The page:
Dealing with what is essentially an electric device requires a different skill set and different trade licenses.

Refrigeration engineers are making use of de-superheat exchangers to grab heat from the high temperature, high-pressure gasses coming out of a compressor and transferring it to auxiliary loads that can use it. In a further bit of razzle-dazzle heat swapping, other secondary heat exchangers are used to sub-cool some of the refrigerant coming out of the condenser coil, re-vaporize a portion of it in the process, and inject that vapour back into the compressor to help it work better at colder outdoor temperatures. Say what? If this goes completely over your head, you aren’t alone – bringing me to a very important thing the hydronics industry needs to do to help this technology thrive.

Refrigeration training needed

One of the biggest roadblocks towards heat pump adoption will be the lack of trained technicians having expertise in both hydronics and refrigeration. This has been a brewing storm for many years, and I have noted it many times in the past. In large parts of our country, plumbing professionals have been installing hydronic systems. In other areas, HVAC technicians or gas fitters have been getting the work while steamfitters to the job in a few spots. None of these trades, on their own, have all of the necessary skills and knowledge to design, install, service and troubleshoot a complex hydronic system that uses a heat pump as the source of heated water.

I have been working on this problem for over three decades, by encouraging plumbing professionals to become knowledgeable in electrical troubleshooting, and controls, and HVAC technology, and fuel utilization – all the while encouraging HVAC professionals to learn the plumbing skills needed for hydronics.

Now, here we go, throwing refrigeration into the mix. Bazinga! Hydronics has just presented you with a lifelong learning curve, but at least you won’t get bored.

I think it is high time the relevant industry groups (HRAI, CIPH, provincial trades organizations, unions, colleges and the like) have some meetings and figure out how we are going to do this.

There is a whole lot of copper tubing in a heat pump – basically, a refrigeration unit working in reverse.

I believe heat pumps have been getting a bad rap as being unreliable and prone to breakdown. Yes, there are junky machines out there suffering from premature failure, but a large percentage of the problems have resulted from improper installation, commissioning and servicing by people who just need more knowledge and oversight. There is no magic bullet for this – it is going to take hard work and a re-think about how we train people. And all of this in the midst of the biggest skilled tradesperson shortage in our history.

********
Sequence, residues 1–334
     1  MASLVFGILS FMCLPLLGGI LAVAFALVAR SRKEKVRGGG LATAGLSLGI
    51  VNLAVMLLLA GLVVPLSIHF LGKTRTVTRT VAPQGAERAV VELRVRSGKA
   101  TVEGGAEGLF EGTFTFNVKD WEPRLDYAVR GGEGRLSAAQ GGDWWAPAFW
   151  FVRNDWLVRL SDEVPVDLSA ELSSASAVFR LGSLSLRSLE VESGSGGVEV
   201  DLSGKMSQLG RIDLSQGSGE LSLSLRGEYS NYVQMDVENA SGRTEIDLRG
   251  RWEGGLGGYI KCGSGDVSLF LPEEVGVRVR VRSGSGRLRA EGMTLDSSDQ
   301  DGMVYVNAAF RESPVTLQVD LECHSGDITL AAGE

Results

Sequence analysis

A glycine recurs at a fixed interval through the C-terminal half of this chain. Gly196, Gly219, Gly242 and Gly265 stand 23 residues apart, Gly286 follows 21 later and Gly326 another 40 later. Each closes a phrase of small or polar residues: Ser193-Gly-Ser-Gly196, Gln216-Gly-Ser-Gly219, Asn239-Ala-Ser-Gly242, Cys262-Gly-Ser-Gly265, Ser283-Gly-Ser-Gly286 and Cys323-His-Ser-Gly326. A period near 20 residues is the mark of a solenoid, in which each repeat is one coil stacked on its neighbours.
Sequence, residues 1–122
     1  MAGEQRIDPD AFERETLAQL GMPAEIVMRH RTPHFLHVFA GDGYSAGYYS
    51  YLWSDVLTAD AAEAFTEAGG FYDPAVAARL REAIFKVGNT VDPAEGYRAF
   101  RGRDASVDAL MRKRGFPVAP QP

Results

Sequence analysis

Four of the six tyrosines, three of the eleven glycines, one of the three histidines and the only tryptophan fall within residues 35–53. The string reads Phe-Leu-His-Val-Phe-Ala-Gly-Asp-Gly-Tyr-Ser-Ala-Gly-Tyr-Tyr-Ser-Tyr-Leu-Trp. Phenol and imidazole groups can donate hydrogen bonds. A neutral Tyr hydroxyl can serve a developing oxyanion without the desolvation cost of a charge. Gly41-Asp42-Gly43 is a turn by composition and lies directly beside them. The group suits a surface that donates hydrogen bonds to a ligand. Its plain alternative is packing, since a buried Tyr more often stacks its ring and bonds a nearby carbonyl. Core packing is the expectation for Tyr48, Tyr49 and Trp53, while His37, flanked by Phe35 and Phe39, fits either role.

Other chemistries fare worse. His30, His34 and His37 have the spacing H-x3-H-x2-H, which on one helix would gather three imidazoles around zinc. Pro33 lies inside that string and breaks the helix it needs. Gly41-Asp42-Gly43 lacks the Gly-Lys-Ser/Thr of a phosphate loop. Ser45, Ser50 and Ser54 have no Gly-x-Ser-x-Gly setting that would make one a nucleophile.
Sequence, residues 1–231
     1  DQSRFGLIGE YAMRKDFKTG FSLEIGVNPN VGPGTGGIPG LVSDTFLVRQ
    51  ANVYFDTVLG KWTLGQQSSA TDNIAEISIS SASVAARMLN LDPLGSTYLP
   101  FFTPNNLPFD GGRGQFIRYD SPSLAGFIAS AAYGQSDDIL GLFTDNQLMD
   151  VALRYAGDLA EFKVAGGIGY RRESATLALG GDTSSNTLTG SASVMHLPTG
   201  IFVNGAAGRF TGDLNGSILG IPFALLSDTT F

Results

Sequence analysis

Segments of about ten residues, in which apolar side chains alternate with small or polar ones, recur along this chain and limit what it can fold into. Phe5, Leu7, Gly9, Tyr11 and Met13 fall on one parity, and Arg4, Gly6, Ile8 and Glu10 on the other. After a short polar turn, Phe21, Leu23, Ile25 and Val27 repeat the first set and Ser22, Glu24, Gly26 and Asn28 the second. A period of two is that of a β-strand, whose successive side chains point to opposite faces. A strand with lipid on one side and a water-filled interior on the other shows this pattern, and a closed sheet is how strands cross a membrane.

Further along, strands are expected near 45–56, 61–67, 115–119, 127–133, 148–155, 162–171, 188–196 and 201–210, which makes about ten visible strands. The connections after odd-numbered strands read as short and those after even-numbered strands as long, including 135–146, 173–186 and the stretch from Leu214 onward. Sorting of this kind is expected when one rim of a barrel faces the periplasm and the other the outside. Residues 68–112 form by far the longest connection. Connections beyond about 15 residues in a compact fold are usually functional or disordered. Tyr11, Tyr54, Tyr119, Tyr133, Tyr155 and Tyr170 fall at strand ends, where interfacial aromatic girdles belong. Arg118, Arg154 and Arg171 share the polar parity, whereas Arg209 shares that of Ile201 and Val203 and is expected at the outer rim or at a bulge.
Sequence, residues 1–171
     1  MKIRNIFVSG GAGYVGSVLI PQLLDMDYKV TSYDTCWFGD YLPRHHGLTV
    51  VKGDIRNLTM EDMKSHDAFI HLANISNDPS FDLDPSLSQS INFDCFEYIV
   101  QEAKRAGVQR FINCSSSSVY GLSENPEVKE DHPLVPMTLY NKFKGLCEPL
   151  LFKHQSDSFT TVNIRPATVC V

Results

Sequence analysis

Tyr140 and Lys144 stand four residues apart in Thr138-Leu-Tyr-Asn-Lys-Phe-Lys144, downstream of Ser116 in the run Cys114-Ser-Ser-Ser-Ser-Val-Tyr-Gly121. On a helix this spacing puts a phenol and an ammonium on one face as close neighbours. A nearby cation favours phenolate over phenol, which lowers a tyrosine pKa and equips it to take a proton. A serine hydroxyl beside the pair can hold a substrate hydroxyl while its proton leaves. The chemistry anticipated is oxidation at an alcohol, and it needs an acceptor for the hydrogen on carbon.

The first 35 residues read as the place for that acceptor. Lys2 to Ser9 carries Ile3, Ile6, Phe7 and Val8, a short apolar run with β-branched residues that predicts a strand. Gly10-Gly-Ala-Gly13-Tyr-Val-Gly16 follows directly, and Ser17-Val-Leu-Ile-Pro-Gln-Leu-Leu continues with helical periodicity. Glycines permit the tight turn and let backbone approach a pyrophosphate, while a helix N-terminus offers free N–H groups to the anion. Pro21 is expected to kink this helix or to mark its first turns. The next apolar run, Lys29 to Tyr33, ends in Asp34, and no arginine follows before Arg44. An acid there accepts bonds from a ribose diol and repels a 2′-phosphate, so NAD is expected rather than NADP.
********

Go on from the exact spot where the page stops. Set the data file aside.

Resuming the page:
Some of us believe the ASHP is going to be the near future of hydronics, so we have no time to lose in dealing with the situation. Electrical grids, right now, are being enhanced by the addition of renewable energy sources like wind and solar, while also becoming stabilized and bolstered by the addition of enhanced megawatt battery storage systems. Fossil fuels are being increasingly marginalized, with phase-out plans being announced regularly.

For selfish reasons, I really don’t like this either. I am the condensing gas boiler guy – 40 years of learning, and what now? My knowledge is being severely devalued, and I hate it – but one has to face reality or fade away. These changes are picking up the pace and it isn’t all bad. In an increasingly electrified world, we in the hydronics industry have been presented with a great opportunity and a new lease on our careers (unlike, say, coal miners). The development and enhancement of the ASHP for hydronics is really just beginning, with much more finesse yet to come (hardware, software, controls). These units have become popular choices in Europe and Asia and, as we’ve done previously with so much of their hydronic technology, we need to pick what works for us and make it ours.